What I like the best is the vastly increased range of comics available, the new formats and methods of delivery, the accessibility of the web for breaking into comics, the great indie comics creators. There is so much potential out there now that didn’t exist before.
On Writing Birds of Prey (and Other Comics)
The process with DC involves working out the rough plots for issues about six months in advance. That goes through an approval process, then I work with my editor on any extra details...
I do most of the visualization of the story in my head before I start writing. I “see” it. Then I sit down and work out what the major story beats will be for each page, to make sure I have the pacing right and am not trying to cram too much onto any one page. Finally, I work from the story beats and write the script. The script goes to the editor. If there are notes, I write a revised draft.
For Birds of Prey, the script goes to Scott McDaniel who does breakdowns, meaning loose rough pencils to establish the panels and general visual flow of the story. That goes to Robson Rocha who does beautiful tight pencils using the breakdowns as a guide. Then it goes to the inker, colorist and letterer in that order. The very last thing I do is proofread the lettering and make any last minute fixes...
There’s much more detail about the crafting of writing comics in my book, Writing for Animation, Comics and Games.
When Your Daughter Wants to Create Comics
To parents, I’d point out that the visual storytelling medium of comics is as pertinent and valuable any other art form. Its potential is unlimited. Your daughter may be the one to raise it to new heights.
Five Tips for Daughters:
Tip 1: Writing is work. It isn’t easy. It isn’t something that magically happens. It isn’t the result of raw talent. It’s both an art and a craft. And like any art or craft, it takes hard work, dedicated work, and years of work to become good at it. The same is true for art. Be willing to spend years getting the training you need. Put in the time and get your fundamental art skills up to a professional level. Remember that there are many different roles in creating comics. You could also become an inker, a colorist, a letterer, an editor and so on.
Tip 2: Stay true to the stories you want to tell. Don’t produce work simply because you think it’s commercial or will sell. Stories that come from the heart and soul are those with the most worth.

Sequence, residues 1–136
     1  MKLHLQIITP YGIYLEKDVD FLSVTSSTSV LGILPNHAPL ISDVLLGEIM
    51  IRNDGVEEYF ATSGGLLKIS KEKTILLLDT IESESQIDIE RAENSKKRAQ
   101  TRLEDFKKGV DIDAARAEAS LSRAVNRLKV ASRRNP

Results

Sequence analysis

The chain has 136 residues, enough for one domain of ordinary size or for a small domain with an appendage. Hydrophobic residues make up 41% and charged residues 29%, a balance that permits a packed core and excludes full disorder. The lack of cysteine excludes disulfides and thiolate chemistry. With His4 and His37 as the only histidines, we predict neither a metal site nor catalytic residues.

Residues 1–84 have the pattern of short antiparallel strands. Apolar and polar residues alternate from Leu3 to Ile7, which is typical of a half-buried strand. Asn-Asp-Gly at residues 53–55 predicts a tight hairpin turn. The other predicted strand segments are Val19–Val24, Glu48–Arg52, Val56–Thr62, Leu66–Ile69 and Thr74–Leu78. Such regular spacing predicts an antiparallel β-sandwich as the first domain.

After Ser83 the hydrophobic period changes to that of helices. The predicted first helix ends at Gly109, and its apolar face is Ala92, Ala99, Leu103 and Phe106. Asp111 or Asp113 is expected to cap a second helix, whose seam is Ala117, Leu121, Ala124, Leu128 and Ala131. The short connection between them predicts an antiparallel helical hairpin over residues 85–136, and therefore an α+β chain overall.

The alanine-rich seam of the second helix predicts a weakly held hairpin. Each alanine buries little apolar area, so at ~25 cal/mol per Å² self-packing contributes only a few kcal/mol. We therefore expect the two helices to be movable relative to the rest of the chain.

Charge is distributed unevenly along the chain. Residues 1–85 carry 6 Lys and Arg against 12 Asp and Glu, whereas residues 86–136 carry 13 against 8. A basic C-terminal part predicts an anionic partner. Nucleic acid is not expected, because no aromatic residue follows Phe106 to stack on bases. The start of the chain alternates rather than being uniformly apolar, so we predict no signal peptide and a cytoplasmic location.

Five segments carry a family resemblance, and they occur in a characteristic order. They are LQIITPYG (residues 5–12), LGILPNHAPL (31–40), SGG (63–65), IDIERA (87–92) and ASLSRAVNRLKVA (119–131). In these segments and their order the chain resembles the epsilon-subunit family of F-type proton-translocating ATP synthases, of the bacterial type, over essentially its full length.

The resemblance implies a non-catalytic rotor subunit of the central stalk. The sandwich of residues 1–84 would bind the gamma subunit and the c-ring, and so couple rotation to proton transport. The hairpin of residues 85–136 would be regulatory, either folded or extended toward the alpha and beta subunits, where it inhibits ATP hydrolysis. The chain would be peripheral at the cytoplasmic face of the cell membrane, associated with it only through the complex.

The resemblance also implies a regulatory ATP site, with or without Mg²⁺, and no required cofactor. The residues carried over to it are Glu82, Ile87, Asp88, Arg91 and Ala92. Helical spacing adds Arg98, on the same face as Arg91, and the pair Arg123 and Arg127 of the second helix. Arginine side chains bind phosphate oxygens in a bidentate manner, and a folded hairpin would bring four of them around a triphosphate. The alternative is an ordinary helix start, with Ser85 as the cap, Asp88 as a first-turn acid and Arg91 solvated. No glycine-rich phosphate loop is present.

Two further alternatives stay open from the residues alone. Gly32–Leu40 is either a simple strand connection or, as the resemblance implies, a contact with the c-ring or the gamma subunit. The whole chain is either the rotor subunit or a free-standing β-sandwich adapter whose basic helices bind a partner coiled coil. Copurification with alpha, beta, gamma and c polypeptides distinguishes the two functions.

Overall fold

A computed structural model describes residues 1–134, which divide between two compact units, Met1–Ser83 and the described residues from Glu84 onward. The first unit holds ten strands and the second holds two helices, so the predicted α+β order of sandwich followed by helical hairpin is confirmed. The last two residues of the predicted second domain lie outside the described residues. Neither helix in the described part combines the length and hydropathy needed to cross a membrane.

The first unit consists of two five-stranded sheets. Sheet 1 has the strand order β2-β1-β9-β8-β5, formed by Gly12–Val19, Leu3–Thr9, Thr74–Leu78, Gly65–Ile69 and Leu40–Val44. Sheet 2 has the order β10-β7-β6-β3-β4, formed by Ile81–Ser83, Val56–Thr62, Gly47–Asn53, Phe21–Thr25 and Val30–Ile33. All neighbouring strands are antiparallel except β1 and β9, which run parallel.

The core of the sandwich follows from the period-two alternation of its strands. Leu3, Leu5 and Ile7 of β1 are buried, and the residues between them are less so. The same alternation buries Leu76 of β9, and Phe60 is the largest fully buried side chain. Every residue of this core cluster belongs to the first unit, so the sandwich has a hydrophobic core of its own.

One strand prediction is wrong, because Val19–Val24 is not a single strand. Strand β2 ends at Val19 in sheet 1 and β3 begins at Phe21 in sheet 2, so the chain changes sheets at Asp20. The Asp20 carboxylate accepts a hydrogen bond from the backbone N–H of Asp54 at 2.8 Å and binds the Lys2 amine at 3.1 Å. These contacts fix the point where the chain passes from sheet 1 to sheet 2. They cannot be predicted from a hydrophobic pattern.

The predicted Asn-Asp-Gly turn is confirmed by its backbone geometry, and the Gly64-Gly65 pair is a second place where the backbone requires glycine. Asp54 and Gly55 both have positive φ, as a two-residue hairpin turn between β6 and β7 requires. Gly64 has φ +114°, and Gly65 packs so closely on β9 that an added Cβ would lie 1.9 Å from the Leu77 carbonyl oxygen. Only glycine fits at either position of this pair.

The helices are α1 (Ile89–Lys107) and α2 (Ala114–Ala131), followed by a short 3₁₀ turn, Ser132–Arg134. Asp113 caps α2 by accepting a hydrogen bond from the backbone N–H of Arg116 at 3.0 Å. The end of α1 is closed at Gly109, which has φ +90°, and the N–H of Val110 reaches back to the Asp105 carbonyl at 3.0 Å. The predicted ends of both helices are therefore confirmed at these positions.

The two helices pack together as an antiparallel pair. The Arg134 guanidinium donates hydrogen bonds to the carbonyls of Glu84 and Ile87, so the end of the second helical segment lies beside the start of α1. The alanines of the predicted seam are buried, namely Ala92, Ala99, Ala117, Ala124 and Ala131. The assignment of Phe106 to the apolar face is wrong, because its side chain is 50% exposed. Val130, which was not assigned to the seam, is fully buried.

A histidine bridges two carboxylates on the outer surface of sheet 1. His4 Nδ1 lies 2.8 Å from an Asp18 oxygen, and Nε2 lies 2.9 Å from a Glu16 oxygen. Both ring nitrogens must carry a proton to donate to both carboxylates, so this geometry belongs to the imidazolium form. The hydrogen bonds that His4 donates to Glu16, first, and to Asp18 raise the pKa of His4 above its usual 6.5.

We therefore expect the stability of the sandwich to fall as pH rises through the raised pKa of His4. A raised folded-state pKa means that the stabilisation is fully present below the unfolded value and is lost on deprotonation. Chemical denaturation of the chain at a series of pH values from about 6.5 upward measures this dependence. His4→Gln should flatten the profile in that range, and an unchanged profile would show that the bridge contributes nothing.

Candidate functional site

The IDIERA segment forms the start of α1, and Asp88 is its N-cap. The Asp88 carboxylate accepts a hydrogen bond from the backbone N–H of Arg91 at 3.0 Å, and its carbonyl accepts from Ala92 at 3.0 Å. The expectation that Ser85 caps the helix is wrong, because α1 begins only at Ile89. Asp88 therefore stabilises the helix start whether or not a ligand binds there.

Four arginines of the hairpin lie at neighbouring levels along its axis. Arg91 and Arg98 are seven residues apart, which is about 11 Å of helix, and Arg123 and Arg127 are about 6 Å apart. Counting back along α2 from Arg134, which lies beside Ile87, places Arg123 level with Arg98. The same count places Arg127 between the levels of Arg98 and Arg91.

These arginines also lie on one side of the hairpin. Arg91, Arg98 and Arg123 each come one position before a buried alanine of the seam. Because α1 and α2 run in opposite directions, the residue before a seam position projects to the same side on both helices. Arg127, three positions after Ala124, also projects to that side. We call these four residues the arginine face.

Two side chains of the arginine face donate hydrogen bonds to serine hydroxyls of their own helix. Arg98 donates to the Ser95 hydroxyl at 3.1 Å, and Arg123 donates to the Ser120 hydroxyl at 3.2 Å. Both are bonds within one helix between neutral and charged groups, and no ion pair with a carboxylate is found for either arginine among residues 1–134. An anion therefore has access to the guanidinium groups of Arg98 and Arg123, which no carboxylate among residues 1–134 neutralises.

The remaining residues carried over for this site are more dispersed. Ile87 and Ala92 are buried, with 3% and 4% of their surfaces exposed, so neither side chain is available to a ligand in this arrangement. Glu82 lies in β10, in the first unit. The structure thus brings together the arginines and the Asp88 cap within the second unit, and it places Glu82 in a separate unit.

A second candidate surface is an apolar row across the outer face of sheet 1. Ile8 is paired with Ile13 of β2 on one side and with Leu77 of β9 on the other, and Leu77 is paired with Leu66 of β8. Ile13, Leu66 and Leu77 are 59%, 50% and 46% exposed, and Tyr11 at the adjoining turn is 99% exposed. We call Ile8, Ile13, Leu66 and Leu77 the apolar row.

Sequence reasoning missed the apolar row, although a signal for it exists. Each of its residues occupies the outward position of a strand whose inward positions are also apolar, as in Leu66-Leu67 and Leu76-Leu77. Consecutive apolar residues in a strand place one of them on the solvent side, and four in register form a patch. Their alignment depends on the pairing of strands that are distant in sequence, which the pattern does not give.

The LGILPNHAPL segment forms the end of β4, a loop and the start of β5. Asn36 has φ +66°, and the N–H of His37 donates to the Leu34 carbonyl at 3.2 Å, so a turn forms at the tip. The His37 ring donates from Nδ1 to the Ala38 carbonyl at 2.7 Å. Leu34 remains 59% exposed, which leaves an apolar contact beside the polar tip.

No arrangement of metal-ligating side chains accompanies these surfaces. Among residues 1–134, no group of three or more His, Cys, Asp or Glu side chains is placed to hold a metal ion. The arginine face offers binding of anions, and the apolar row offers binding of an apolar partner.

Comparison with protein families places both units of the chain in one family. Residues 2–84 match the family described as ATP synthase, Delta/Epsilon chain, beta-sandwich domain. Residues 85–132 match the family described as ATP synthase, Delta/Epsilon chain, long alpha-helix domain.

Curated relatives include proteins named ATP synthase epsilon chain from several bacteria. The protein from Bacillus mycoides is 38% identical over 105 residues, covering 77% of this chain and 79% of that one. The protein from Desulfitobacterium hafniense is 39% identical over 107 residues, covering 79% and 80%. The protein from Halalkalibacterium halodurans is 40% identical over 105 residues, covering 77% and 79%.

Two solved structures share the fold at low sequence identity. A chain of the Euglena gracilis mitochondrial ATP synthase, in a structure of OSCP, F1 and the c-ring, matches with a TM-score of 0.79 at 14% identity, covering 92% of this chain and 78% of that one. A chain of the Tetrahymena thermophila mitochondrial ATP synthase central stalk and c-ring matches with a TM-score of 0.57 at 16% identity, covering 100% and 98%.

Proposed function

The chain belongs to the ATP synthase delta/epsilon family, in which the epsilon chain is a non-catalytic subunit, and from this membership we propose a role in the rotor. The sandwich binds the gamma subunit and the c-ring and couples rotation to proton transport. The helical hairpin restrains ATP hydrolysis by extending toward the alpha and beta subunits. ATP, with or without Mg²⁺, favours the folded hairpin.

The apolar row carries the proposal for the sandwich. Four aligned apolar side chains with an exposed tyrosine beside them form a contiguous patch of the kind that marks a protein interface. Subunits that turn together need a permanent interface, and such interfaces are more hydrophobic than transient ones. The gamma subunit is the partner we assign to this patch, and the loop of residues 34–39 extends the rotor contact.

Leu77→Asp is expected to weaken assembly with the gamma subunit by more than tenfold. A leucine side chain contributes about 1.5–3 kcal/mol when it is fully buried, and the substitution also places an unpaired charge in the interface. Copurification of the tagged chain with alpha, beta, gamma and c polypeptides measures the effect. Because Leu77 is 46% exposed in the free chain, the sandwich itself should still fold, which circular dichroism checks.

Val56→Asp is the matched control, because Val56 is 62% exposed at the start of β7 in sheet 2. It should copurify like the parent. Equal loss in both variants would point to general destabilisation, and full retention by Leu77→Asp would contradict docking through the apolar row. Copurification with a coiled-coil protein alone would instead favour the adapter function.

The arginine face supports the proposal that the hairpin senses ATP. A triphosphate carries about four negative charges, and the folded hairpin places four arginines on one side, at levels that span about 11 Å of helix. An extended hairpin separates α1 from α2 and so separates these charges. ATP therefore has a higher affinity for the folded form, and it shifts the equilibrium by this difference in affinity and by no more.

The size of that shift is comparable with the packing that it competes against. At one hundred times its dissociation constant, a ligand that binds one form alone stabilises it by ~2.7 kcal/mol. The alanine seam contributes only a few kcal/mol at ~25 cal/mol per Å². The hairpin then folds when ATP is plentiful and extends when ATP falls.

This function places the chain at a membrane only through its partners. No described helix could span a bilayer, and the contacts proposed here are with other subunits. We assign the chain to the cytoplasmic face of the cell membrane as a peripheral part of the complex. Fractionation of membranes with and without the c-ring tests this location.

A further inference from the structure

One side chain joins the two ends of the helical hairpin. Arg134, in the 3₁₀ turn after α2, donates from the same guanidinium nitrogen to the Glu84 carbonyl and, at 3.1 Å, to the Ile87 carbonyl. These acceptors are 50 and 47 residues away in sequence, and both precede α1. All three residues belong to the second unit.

Tip 3: Be thick-skinned. Don’t take rejection personally. Keep working on your craft. Be determined and persistent. As the old saying goes, success is 10% inspiration and 90% perspiration. Writing is rewriting. Be prepared to do many drafts of your work.
Tip 4: If you want to be a writer, you must read. Read tons of fiction, from the classics to what is trending today. Read tons of non-fiction to learn about history, cultures, religions, politics, languages, economics, and how people think.
Tip 5: Finally, get life experience under your belt, so that you’ll have it draw upon. Travel, ride a horse or a motorcycle, hang-glide, scuba-dive, sail a boat, fly a plane, play a musical instrument, go hiking, study martial arts, join a cause, volunteer for a charity—whatever it is that expands your personal horizons.
Christy Marx on the Most Important Thing in Life—and Comics
I don’t try to preach with my writing because that’s a sure way to either bore the reader or drive them away, but I want to write characters that somehow embody one or more of the qualities embodied in the Golden Rule:
People who are flawed, but who try to do the right thing; people who make mistakes, but learn from them and try to better next time; people who care about other human beings and the other sentient creatures with which we share this world.
All product-related graphics in this article are standard publicity/promotional shots and are owned by their respective publisher.